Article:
Recession looms as Ukraine war ‘pushes fifth of EU companies to the brink’

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Investors are bracing for recession in Europe amid a warning that Russia’s invasion of Ukraine could push nearly a fifth of EU companies to the brink of collapse.

More than half of investment managers – 54pc – are now expecting the continent’s economy to enter recession in the next twelve months, according to a Bank of America survey.

It marks a sharp increase in pessimism as central banks prepare to tighten monetary policy rapidly in the face of rampant inflation. In May, just 28pc of fund managers said they expected a European recession.

Separately, Brussels’ lending arm warned that the Ukraine conflict is likely to spark a wave of defaults among EU businesses. The European Investment Bank warned that the number of companies in the EU at risk of default will soar from 10pc to 17pc as a result of the war in Ukraine.

The Luxembourg-based institution said its modelling showed rising inflation “could push more Europeans under the poverty line”, reducing private consumption across the 27 countries by 1.1pc, with central and south-eastern areas most affected. It predicted real economic growth across the EU would now be below 3pc over the year.

“A recession could happen, and further trade disruptions or increased economic sanctions would increase the risk for the European economy,” researchers said.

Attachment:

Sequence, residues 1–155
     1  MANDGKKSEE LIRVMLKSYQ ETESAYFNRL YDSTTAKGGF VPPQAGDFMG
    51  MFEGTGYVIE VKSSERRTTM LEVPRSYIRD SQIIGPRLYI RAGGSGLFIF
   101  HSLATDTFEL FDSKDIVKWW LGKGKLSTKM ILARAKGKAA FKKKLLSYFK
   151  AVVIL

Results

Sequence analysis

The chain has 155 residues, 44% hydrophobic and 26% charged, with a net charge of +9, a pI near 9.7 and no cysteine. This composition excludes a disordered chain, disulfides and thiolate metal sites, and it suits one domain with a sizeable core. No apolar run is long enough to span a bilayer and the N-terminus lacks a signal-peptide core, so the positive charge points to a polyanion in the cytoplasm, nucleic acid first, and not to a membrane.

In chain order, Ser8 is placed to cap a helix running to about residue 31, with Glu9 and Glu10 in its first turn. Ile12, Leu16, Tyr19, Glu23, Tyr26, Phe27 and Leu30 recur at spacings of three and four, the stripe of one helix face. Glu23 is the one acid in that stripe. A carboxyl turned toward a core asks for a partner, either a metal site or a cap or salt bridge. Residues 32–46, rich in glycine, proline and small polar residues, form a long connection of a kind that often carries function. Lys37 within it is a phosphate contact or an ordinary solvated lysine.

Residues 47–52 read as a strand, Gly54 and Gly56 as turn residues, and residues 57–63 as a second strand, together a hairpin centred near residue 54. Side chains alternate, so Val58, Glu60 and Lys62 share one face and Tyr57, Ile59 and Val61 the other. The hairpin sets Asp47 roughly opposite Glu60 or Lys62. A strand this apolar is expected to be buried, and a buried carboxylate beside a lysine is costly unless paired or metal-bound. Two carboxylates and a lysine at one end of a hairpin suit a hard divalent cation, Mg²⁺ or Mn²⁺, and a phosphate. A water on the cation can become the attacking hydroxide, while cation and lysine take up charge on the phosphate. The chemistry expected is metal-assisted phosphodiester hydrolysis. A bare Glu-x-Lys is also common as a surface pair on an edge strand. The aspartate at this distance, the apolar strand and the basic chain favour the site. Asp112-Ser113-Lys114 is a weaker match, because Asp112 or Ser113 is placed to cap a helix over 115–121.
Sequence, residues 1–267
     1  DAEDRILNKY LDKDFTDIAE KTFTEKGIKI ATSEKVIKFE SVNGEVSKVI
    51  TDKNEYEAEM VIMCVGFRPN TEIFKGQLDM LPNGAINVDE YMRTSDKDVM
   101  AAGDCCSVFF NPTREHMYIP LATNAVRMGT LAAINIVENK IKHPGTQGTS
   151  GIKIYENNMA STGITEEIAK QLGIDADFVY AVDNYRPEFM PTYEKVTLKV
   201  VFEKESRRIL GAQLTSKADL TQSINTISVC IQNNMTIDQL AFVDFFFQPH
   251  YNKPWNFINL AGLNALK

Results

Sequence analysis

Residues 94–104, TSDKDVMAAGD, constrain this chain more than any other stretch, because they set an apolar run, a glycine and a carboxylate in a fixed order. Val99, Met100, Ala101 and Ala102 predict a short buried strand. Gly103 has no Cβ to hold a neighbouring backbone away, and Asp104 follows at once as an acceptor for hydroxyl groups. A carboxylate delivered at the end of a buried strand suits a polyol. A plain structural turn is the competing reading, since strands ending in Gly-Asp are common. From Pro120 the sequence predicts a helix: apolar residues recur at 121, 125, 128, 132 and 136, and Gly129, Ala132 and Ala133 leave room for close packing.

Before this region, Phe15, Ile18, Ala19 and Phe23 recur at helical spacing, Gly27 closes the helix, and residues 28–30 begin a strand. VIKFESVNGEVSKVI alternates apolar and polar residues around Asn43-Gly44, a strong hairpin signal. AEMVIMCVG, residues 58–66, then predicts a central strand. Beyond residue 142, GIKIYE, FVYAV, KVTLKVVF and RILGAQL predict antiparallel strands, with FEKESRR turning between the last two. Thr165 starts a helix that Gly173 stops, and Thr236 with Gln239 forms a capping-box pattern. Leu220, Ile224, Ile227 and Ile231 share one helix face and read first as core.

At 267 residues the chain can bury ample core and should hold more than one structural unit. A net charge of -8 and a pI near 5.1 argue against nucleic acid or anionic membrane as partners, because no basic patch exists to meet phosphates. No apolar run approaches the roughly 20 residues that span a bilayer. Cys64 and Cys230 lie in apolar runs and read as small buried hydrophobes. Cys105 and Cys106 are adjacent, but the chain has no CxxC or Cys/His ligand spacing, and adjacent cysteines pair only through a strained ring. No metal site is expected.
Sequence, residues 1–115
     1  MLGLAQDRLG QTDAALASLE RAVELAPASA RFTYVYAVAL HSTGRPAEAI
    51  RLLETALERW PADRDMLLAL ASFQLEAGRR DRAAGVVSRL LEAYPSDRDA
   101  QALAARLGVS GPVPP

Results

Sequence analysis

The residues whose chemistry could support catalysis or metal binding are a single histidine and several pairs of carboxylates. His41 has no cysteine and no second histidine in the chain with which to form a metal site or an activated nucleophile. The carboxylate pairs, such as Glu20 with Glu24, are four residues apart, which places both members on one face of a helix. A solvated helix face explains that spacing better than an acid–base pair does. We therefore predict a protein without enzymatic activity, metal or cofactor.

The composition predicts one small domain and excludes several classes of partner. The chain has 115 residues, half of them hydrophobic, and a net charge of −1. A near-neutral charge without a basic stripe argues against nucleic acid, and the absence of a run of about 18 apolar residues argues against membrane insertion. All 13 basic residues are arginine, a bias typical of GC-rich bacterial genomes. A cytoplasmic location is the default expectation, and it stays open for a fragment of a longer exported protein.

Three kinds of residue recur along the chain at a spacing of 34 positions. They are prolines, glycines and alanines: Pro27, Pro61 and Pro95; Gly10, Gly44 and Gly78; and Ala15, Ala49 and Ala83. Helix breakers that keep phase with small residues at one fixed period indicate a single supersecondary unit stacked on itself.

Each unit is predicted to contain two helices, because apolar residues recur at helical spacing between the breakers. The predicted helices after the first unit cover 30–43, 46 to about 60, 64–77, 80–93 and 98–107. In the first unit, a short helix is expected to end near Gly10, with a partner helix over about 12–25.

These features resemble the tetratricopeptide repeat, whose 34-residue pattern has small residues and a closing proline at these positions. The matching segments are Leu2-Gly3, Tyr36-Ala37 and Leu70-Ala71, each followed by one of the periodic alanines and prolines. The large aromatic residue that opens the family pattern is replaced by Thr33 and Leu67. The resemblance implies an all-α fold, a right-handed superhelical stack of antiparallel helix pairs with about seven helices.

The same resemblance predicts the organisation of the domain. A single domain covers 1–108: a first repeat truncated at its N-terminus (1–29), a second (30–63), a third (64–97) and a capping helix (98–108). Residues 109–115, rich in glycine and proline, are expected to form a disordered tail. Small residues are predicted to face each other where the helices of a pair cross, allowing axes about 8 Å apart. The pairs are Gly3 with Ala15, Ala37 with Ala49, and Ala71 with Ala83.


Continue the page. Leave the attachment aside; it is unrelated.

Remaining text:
Debora Revoltella, the EIB’s chief economist, said the bloc needed “clear policies to protect firms and ensure that public investment is fully used to catalyse private investment”.

Money managers are most downbeat about Europe’s prospects globally, Bank of America found, but nearly three-quarters of panellists surveyed by the bank – with around $834bn of assets under management in total – expect the global economy will weaken over the next twelve months. A record 73pc expect growth to slow, with stagflation concerns running at their highest rate since 2008.

Fear is building over the pace of rate rises. 32pc of respondents named “hawkish” central bankers as the biggest risk to markets – a leap from 9pc in March. A broad-based recession and sustained inflation were seen as the next two biggest risks. 

Investors continue to back the United Kingdom as a preferred European investment location. Bank of America analysts said the UK market was “helped by its large weighting of energy stocks”.

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